I discovered road cycling as a form of exercise in May of 2010. A month before, I had visited the doctor for the first time in at least twenty years for a physical exam. I was about a month past the age of 43, three years past the milestone of 40 when I had initially promised myself that I would do so. While I was not in bad shape overall - my blood pressure has always been fine for example - my cholesterol numbers were too high. Also, I was about 20 pounds overweight. Not nearly enough for me to qualify as a Biggest Loser contestant, but not very attractive, either. The doctor let me go off to address this with diet and exercise before any serious talk about statin drugs. Good thing, too, because I was not going to accept that option without a solid effort.
After a brief stint with a rowing machine (later sold on Craigslist), I went out for a 5 mile ride on my circa 1995 Trek 830 hybrid bike. The bike is ugly, heavy, and has knobby tires and plenty of rust, but it showed me that I could ride on the road with traffic, something I hadn’t done since I was in middle school. Soon after, I visited my local bike shop (LBS), Pedal Sports in Oakland, NJ, and grabbed a silver Fuji Absolute 3.0, a flat bar “comfort” road bike.
Fast forward a couple of months, and I had put 400 miles on this bike. Most importantly, I had dropped 10 pounds and reduced my cholesterol to normal levels. Cycling was a critical factor, and it was here in my life to stay. But I was finding the limitations of the flat bar configuration to be fatiguing, even after I added bar ends for another hand position option. And at 26 pounds, it was not very lightweight, even though I had little to compare it with. After taking the Fuji down to Bethany, Delaware on our family’s June vacation, I concluded that the bug had bitten me for real, and I wanted to invest in a real road bike. I decided that I would go with an all-carbon fiber frame, and stick with the more upright geometry of the so-called “plush” road bike category. My LBS stocks Specialized, so that meant a Roubaix, and a matte dark gray Roubaix Comp with a compact double chainring was soon in my garage. I sold the Fuji on Craigslist, too.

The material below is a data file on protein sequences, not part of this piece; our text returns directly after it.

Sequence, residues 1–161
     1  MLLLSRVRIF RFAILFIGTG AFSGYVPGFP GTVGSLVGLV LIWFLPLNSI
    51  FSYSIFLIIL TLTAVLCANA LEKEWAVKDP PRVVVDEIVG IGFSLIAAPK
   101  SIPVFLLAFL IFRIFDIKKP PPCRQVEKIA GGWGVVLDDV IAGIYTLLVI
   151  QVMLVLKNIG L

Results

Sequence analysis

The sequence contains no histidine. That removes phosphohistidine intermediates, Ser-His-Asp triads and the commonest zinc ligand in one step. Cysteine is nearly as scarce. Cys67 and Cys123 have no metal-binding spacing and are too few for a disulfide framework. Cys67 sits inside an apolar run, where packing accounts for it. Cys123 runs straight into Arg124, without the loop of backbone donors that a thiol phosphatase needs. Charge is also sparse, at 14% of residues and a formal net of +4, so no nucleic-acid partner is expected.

Now this was serious. So along the way to riding over 2,200 miles during what remained of 2010, I tricked it out with orange accents: Cinelli cork handlebar tape, Vittoria Rubino tires, and Bontrager water bottle cages. I hauled the Roubaix out to Long Beach Island, New Jersey, for a week of riding on its windy flats. I rode in three organized rides, reaching 25 miles, 50 miles, and a 100 km (62 mile) “metric Century.” By October, I had reached my weight loss goal of 25 pounds.